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Cornell Tech leverages academic links with Cornell campuses

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Daryl Lovell

Students work together on the Cornell Tech campus with a view of midtown Manhattan.

The new Roosevelt Island campus of Cornell Tech has catalyzed a slew of innovative academic programs that will benefit not only Cornell Tech students but also students from the Ithaca campus. And those programs will deepen the symbiotic academic partnership that links Cornell’s New York state campuses, administrators say.

“Cornell Tech is an integral part of the Cornell University mission, with each campus supporting and reinforcing the other,” said Charles Whitehead, the Myron C. Taylor Alumni Professor of Business Law and director of the Law, Technology and Entrepreneurship Program at Cornell Tech. “Cornell Tech has from inception been focused on its educational mission: bringing faculty together from multiple disciplines to both research and teach. Add to that the physical space on Roosevelt Island, and it is a dominating presence in the law, technology and businesses fields.”

The Cornell SC Johnson College of Business now has a significant presence in The Bridge building on the Cornell Tech campus, where it has leased 20,000 square feet of space.

On the Roosevelt Island campus, Cornell Tech and SC Johnson will host several classes designed to mix Ithaca MBA students with Johnson-Cornell Tech MBAs. They include four tech-heavy weekend courses this fall, and half-semester intensives in financial tech and digital marketing this spring.

“We’re really taking advantage of the Cornell Tech campus being in New York, creating something new and powerful and making it available to both Cornell Tech and Ithaca students,” said Doug Stayman, associate dean and faculty director of the Johnson Cornell Tech MBA. “Cornell Tech can’t do what it’s doing without being part of Cornell. But we hope we can be a laboratory. We’re trying new things.”

Similarly, J.D. students at Cornell Law School can spend a semester at Roosevelt Island taking classes that relate to technology and intellectual property.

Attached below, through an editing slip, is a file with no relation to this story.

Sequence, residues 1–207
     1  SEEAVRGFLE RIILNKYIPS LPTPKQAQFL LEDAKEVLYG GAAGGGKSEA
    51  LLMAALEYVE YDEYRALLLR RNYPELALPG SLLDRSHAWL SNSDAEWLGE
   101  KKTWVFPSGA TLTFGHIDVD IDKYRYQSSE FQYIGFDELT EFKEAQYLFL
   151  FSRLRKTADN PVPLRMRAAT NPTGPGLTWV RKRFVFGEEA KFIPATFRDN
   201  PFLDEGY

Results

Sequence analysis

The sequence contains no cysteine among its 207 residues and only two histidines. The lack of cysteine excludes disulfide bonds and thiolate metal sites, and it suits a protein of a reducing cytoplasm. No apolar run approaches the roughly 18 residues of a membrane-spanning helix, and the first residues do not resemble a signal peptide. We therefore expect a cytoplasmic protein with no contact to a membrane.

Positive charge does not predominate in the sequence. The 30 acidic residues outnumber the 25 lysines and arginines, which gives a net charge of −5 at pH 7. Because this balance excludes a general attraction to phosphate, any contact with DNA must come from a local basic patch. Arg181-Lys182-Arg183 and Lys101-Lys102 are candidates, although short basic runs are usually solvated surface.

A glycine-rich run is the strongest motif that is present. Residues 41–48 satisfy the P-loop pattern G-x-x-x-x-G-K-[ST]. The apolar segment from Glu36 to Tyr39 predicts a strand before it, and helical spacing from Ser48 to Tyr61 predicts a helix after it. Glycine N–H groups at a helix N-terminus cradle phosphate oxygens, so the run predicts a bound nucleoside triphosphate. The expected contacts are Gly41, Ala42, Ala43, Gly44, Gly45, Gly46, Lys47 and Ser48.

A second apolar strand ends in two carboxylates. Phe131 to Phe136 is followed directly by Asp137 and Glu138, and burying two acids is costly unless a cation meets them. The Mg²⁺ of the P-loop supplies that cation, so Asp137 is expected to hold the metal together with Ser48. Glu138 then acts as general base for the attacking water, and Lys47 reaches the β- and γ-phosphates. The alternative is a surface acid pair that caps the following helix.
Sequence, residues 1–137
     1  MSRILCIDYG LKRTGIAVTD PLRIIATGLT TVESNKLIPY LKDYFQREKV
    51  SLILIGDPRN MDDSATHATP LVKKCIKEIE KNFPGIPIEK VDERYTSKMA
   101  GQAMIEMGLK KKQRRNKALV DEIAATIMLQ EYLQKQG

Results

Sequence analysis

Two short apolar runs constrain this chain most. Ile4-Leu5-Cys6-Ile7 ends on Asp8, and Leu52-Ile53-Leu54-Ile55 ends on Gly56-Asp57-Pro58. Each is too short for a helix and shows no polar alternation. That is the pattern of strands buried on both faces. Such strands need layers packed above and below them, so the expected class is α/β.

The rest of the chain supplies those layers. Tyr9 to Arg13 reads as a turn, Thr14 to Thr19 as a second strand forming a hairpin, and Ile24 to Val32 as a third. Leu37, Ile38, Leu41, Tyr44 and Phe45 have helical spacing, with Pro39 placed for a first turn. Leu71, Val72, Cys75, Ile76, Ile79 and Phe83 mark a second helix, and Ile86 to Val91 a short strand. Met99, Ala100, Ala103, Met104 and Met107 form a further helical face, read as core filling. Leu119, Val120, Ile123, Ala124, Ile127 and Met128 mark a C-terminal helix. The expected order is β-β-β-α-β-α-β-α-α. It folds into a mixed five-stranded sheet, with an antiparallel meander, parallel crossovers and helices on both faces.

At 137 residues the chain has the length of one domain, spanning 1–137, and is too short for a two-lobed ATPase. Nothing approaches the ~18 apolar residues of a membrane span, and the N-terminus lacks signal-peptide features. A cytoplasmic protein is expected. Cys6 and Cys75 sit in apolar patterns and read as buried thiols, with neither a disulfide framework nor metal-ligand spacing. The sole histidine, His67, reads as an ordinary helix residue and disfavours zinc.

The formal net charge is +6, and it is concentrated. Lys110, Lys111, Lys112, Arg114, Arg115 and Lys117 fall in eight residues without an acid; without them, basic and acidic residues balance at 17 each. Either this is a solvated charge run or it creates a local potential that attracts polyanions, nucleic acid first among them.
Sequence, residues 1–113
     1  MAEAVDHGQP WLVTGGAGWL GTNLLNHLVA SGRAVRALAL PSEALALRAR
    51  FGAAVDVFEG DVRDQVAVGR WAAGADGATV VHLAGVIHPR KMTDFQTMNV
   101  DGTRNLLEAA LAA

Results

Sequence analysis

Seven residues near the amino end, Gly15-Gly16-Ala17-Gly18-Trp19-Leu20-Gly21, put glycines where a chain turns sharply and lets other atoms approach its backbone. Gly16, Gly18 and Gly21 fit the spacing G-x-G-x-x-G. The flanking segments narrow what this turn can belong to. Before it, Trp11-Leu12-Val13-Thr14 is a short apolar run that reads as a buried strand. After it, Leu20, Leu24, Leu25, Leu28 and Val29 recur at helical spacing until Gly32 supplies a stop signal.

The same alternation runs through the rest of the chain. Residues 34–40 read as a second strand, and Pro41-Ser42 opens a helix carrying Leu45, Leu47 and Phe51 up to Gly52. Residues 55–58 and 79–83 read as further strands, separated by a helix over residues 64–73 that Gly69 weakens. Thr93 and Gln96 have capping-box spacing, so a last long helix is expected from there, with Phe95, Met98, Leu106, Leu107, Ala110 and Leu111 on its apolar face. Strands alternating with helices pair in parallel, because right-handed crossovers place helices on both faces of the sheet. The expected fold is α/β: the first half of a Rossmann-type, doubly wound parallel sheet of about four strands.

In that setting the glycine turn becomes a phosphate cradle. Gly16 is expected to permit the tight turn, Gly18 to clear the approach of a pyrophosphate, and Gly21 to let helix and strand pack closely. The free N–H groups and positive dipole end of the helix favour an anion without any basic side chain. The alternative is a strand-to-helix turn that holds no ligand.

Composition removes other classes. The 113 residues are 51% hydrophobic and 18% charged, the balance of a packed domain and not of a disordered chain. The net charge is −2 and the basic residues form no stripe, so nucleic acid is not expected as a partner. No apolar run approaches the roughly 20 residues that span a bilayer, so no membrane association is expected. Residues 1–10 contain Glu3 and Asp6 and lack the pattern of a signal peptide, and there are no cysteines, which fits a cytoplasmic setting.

Half of the new Cornell Tech master’s students this fall are enrolled in Master of Engineering programs – including a new degree in electrical and computer engineering that launched this fall. In addition, the College of Engineering has relocated its Cornell Financial Engineering in Manhattan program, which had been housed near Wall Street, to Roosevelt Island. And although Cornell Tech offers only graduate degrees, the College of Engineering will offer internships to five undergrads in summer 2018 to work with Cornell Tech faculty.

Faculty are perhaps the strongest glue that hold together the campuses. Most professors on the Tech campus are full members of a department in Ithaca or at Weill Cornell Medicine. In some cases, they are Technion-Israel Institute of Technology faculty.

That was a conscious decision from the beginning, said Lance Collins, the Joseph Silbert Dean of Engineering, who co-developed Cornell Tech’s academic structure with Daniel Huttenlocher, dean and vice provost of Cornell Tech. “We had seen the failures of other institutions that hadn’t done that,” he said.

Aamer Hassanally, MBA '17, of Team Switch, presents during the annual Open Studio event, May 19 at Cornell Tech's Google building campus in New York City.

Every faculty member is vetted by both campuses. Collins noted, “That has led to outstanding hires and a built-in connection between the campuses.”

Faculty frequently travel between campuses, and they’re building connections across disciplines as well, said Deborah Estrin, associate dean and the Tishman Professor of Computer Science at Cornell Tech and professor of public health at Weill Cornell Medicine.

“Even at our size of about 25 active-research technical faculty, at least one-third have early or active collaborations with Weill Cornell Medicine colleagues,” Estrin said. “And that crosses all four of our Faculty of Computing and Information Science and College of Engineering departments at Cornell Tech. That’s huge!”

That cross-disciplinary ethos is built into Cornell Tech academics, administrators say. For example, in Startup Studio, a required part of all Cornell Tech master’s programs, students design a product with an industry partner. Each team might include two or three engineers, an MBA student and a law student.

“That’s an incredibly interesting, unique environment in which to learn your craft,” Collins said. “They’re also learning how to communicate and work in close proximity with people from very different backgrounds and across cultural differences. That’s an important and unique aspect to the education at Cornell Tech.”

Computing and Information Science (CIS) Dean Greg Morrisett added: “What I find exciting about the Tech campus is that it opens up new vistas for Cornell CIS. We’ve always been particularly strong in foundational computing and information science research, but haven’t enjoyed a direct connection to the tech industry until now.


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